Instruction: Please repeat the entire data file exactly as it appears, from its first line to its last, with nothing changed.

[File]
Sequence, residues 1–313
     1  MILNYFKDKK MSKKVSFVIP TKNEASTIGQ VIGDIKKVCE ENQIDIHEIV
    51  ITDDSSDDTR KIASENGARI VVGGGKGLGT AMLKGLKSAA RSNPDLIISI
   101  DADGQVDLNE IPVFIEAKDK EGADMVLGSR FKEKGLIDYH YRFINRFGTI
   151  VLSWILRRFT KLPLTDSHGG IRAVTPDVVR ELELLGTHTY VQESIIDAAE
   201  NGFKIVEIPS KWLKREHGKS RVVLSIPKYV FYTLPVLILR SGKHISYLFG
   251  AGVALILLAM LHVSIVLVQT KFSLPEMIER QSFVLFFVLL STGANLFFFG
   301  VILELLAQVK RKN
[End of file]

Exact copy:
Sequence, residues 1–313
     1  MILNYFKDKK MSKKVSFVIP TKNEASTIGQ VIGDIKKVCE ENQIDIHEIV
    51  ITDDSSDDTR KIASENGARI VVGGGKGLGT AMLKGLKSAA RSNPDLIISI
   101  DADGQVDLNE IPVFIEAKDK EGADMVLGSR FKEKGLIDYH YRFINRFGTI
   151  VLSWILRRFT KLPLTDSHGG IRAVTPDVVR ELELLGTHTY VQESIIDAAE
   201  NGFKIVEIPS KWLKREHGKS RVVLSIPKYV FYTLPVLILR SGKHISYLFG
   251  AGVALILLAM LHVSIVLVQT KFSLPEMIER QSFVLFFVLL STGANLFFFG
   301  VILELLAQVK RKN